Alayne Ronnenberg, ScD
Not all cases of male infertility can be prevented, but you may be able to reduce your risk by changing some of your behaviors.
Cigarette smoking reduces sperm count and motility and increases the number of abnormal sperm. Smoking also adversely affects hormone levels and may affect the cells in the testes that produce testosterone. Like cigarette smoking, use of marijuana also can adversely affect sperm count, sperm motility, and sperm morphology. It can also reduce plasma testosterone levels. Anabolic steroids influence production of reproductive hormones and can reduce fertility. Use of cocaine also negatively affects sperm parameters as well as the ability of sperm to penetrate cervical mucus. Opiates (heroin, morphine) may reduce fertility in men by altering hormone production.
Although moderate alcohol consumption does not affect male fertility, excessive alcohol intake alters hormone levels and reduces sperm count and sperm quality.
Numerous chemicals used in industry or found in the environment as contaminants have been linked to male infertility. These include organochlorine pesticides, dioxins (used to bleach paper products), and vinclozolin (a fungicide used on food). These chemicals are thought to reduce fertility by disrupting hormone function. Avoid exposure to these chemicals whenever possible.
Unprotected sexual intercourse (intercourse without a condom) increases your risk of developing a sexually transmitted disease (STD). Several STDs, including
chlamydia, often produce no symptoms, especially in men, so you may not know you are infected. Untreated STDs can cause scarring in the sperm-carrying tubes, which reduces the number of sperm in semen and increases the risk of fertility problems. The more sexual partners you have, the greater your chance of contracting an STD. Using condoms and minimizing the number of sexual partners you have will reduce your risk of getting an STD.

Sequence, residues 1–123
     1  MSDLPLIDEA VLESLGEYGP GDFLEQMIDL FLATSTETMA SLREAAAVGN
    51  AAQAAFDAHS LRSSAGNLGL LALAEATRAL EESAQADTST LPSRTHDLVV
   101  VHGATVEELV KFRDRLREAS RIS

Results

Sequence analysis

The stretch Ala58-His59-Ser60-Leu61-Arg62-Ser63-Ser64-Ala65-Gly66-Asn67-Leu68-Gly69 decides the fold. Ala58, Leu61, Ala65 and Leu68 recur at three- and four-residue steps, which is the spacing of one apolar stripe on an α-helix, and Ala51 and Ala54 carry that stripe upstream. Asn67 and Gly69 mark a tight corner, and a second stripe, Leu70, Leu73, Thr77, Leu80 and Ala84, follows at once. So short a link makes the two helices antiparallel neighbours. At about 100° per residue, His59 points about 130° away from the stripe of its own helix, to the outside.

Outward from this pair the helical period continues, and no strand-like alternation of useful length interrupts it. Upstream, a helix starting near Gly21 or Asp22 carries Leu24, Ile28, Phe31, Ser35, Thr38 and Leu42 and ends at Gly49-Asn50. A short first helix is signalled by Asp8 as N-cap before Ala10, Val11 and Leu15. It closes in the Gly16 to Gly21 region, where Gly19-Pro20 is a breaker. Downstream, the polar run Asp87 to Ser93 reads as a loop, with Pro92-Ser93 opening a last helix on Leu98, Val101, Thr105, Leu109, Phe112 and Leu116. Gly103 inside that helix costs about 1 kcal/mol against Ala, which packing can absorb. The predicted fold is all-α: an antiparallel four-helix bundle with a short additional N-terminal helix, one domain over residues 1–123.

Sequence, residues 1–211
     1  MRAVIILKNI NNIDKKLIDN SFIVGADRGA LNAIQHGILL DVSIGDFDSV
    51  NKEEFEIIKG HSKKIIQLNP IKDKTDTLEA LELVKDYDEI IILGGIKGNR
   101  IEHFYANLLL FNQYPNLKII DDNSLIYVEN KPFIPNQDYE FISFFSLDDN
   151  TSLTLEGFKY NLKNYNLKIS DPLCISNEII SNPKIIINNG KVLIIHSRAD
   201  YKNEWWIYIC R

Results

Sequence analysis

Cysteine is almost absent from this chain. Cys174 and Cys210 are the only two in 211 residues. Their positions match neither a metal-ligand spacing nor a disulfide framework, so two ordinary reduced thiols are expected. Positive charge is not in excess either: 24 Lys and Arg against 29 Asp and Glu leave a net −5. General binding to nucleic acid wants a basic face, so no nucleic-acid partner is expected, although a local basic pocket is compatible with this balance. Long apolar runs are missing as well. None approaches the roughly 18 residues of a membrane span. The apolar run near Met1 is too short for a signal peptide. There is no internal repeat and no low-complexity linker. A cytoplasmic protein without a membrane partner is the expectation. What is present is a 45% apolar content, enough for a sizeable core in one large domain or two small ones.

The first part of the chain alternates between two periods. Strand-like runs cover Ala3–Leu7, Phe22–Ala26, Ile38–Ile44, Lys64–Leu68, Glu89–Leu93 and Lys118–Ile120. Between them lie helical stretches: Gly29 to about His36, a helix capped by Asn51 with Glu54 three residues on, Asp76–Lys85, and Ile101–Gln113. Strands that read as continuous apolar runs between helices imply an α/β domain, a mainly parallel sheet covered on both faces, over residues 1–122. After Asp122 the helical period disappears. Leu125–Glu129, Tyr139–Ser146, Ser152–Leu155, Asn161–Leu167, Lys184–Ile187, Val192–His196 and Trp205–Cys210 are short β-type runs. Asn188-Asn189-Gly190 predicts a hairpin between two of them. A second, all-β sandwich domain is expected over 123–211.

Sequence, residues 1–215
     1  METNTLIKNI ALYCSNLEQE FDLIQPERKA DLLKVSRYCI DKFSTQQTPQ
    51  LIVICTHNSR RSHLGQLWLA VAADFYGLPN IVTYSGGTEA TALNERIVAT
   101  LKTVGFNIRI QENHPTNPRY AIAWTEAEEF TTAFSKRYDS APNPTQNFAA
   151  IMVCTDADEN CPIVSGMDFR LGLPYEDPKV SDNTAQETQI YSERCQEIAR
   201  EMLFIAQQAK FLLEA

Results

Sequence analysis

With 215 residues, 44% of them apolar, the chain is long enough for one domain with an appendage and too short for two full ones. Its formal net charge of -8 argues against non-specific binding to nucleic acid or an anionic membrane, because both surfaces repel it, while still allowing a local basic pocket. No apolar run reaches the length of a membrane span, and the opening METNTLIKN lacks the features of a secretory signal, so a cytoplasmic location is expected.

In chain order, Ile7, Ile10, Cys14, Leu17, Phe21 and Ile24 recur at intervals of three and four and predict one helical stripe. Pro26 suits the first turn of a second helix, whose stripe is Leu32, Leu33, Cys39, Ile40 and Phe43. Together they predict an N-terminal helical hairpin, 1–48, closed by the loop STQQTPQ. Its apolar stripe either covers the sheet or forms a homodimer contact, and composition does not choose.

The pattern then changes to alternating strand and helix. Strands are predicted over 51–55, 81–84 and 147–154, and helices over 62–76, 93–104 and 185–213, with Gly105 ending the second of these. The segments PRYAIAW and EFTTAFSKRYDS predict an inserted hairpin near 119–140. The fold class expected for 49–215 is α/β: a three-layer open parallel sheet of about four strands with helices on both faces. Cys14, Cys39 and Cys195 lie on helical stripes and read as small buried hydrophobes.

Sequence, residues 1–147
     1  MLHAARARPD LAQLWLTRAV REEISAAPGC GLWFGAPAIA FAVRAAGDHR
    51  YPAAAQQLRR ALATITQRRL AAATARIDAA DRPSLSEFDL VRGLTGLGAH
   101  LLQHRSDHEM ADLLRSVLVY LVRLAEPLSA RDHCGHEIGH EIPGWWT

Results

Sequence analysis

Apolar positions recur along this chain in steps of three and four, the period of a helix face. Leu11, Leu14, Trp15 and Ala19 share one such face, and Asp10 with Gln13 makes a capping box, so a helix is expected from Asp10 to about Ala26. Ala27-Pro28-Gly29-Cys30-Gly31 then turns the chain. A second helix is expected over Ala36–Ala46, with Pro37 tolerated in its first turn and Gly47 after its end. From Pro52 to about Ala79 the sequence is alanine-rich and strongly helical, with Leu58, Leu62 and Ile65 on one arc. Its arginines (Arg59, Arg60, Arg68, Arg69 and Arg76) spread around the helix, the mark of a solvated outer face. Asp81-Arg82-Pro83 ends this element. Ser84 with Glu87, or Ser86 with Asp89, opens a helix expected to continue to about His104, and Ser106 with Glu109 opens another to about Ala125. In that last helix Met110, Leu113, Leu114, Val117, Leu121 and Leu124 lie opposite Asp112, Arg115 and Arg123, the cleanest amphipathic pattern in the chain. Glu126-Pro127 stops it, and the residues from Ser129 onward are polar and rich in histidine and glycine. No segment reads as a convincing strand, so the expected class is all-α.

There are many medications which could cause either subfertility or infertility. These include the following categories:
High body fat can alter hormone metabolism. If you are overweight, consult with your doctor or a registered dietitian to find out what weight is healthy for you and to get help in attaining it.
Moderate exercise increases sperm production and may have beneficial effects on fertility. However, excessive exercise, such as that performed by long-distance runners, reduces sperm production.
The testicles are easily damaged during vigorous sporting events or fights. These injuries can cause inflammation that reduces the blood supply to the testicles, which can permanently damage sperm-producing cells.
Underwear and clothing that is tight and constricting may reduce blood flow in the groin and adversely affect sperm production.
Certain bicycle seats may cause circulatory and neurologic damage in the groin that can affect erectile function.
Infertility in men. EBSCO DynaMed Plus website. Available at:
http://www.dynamed.com/topics/dmp~AN~T902812/Infertility-in-men. Updated February 26, 2016. Accessed October 4, 2016.
The National Institute for Occupational Safety and Health website. Available at:
http://www.cdc.gov/niosh/topics/repro. Accessed September 14, 2012.
American Society for Reproductive Medicine website. Available at:
http://www.asrm.org/topics/detail.aspx?id=1331. Accessed September 14, 2012.
Broderick GA. Bicycle seats and penile blood flow: does the type of saddle matter?
Journal of Urology.
Male risks. Protect your fertility website. Available at:
http://www.protectyourfertility.org/malerisks.html. Accessed September 14, 2012.
RESOLVE. The National Infertility Association website. Available at:
http://www.resolve.org. Accessed September 14, 2012.
Last reviewed December 2014 by Adrienne Carmack, MD
EBSCO Information Services is fully accredited by URAC. URAC is an independent, nonprofit health care accrediting organization dedicated to promoting health care quality through accreditation, certification and commendation.
Please be aware that this information is provided to supplement the care provided by your physician. It is neither intended nor implied to be a substitute for professional medical advice. CALL YOUR HEALTHCARE PROVIDER IMMEDIATELY IF YOU THINK YOU MAY HAVE A MEDICAL EMERGENCY. Always seek the advice of your physician or other qualified health provider prior to starting any new treatment or with any questions you may have regarding a medical condition.
Copyright © EBSCO Information Services. All rights reserved.